Editorial Eye 37
The editors of a magazine featured in “Visual journalism” (Eye no. 36 vol. 9), though glad to be included, were displeased that their title was “lumped together” with another journal whose editorial philosophy was the opposite of theirs. Such editorial juxtapositions happen all the time, whether perpetrated by editors, art directors (and the layout of the feature created several more unlikely bedfellows), publishers or the buying public. Graphic design book sales charts show David Carson, Ed Fella, Richard Hollis and Edward Tufte, for example, sitting quite happily alongside any amount of thought-free eye candy.
Phil Baines, writing about the public art of Brossa and Subirachs, notes that the two great men never saw eye to eye, and that their local supporters tend to be fiercely partisan (so we are bracing ourselves for a flood of letters from Barcelona). Rivalry and opposition provide an interesting context, but we don’t need to take sides: the work literally speaks for itself, in materials, letterforms and language. And these commissions have many processes and elements in common with the best graphic design: public art of this nature is determined by a social purpose and place; an understanding of materials; lettering as language and image; and a sympathetic client.
If there is something that unites the wide variety of examples that we show it must be creativity and originality. In music, there is a useful distinction between “creative” and “repertoire”. Though in time, the former will evolve (or devolves) into the latter, there is more fun to be had with the originators, the ground-breakers, the people who bring different ways of thinking and new forms, images and ideas into the world. Such words could be applied to artists as varied in time, style and methods as Count Michael Maier (author of Atalanta Fugiens), the formerly anonymous 23 Envelope photographer Nigel Grierson, Shift! founder Anja Lutz, the original creators of Octavo and John Maeda, the exuberant artist-engineer-educator from mit. Maeda’s idiosyncratic approach to art and design using the computer as a raw, rough-edged tool is on the verge of becoming repertoire, as dozens of imitators, good, bad and indifferent, spring up in his path. His decision to “move on” is significant and admirable.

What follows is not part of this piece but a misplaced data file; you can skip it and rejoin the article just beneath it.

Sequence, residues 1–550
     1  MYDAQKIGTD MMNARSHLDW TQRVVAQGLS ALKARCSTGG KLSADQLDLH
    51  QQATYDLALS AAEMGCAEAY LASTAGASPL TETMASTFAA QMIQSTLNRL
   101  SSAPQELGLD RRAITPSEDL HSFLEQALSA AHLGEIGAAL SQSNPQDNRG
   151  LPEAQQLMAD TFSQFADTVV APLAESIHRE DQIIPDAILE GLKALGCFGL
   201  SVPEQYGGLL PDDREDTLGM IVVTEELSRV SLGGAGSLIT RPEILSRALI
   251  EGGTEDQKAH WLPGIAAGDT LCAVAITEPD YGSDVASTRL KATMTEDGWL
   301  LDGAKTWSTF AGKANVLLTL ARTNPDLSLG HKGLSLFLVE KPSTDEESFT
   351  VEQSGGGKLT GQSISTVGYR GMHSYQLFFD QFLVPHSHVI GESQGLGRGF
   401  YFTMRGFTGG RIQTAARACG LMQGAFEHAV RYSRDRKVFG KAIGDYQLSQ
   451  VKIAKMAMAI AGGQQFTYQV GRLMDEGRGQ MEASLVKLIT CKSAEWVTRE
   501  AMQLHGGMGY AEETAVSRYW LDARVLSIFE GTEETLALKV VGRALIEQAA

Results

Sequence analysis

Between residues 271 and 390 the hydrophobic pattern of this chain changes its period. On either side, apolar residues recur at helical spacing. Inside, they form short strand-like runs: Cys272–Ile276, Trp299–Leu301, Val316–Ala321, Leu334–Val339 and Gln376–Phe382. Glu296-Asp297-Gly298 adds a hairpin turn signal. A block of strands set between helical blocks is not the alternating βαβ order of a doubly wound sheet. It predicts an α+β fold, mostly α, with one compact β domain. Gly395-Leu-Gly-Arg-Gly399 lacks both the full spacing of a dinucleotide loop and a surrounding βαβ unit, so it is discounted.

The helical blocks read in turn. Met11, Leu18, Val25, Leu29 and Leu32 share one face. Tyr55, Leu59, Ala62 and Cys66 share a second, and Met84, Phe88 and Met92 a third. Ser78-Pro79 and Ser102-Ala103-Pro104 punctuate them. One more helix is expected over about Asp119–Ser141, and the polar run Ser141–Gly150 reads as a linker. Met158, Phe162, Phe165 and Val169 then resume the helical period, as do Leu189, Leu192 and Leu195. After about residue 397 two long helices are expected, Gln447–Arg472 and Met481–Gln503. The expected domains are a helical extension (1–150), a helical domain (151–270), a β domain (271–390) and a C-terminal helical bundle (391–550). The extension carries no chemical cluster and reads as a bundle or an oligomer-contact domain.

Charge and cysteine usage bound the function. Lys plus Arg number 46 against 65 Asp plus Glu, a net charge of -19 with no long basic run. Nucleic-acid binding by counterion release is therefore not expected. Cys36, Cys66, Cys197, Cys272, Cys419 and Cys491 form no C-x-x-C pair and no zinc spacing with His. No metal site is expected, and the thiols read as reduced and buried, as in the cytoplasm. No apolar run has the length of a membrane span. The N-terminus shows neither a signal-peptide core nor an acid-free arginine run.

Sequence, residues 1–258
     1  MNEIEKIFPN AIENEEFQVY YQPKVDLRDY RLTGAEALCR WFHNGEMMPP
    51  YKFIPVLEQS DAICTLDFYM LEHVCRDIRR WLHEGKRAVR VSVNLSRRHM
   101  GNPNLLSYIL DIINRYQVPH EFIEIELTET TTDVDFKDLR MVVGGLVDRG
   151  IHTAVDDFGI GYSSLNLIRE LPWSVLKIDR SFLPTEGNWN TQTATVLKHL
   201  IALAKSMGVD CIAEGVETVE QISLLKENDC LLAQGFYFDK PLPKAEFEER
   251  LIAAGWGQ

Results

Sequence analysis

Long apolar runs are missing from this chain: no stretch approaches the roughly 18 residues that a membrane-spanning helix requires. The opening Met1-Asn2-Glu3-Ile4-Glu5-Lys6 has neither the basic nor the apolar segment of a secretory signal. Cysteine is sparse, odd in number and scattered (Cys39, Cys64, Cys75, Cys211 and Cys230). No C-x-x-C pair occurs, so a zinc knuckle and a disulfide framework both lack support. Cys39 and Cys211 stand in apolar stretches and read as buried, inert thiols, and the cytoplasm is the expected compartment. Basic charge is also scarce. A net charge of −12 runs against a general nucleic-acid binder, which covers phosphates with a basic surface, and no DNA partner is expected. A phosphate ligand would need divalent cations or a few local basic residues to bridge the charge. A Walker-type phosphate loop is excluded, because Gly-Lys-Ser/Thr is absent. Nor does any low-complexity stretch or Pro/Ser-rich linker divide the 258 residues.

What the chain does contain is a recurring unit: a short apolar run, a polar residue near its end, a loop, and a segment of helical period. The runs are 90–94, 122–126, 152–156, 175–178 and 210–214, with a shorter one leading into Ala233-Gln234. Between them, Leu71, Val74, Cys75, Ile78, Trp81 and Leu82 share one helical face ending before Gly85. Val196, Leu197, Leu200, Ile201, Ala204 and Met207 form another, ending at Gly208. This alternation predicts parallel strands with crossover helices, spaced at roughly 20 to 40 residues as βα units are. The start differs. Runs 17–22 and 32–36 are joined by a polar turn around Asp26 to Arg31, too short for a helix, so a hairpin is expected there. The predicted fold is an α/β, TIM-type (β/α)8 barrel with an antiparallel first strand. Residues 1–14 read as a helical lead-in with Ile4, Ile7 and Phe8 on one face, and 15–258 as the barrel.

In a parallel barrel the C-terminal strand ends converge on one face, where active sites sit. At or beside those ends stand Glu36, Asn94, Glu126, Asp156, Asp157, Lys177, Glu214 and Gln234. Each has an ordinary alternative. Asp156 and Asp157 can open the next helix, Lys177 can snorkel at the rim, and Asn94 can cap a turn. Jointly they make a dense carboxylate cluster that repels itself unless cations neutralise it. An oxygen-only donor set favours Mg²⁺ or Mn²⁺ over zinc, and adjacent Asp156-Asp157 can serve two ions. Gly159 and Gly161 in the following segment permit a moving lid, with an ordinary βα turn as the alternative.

An underlying theme of language is made explicit in the essays by Lucienne Roberts and Jonathan Burrows and in this issue’s Agenda by Ruedi Baur, whose work for cultural institutions has prompted him to question the unspoken rules of “corporate identity” that designers have accepted for decades. Where Burrows examines the fascinating, impossible search for a graphic language of movement in time, Roberts points out the democratic, liberating role of simple literacy, raising questions, fears and hopes for a design education system that too often treats language as a poor relation.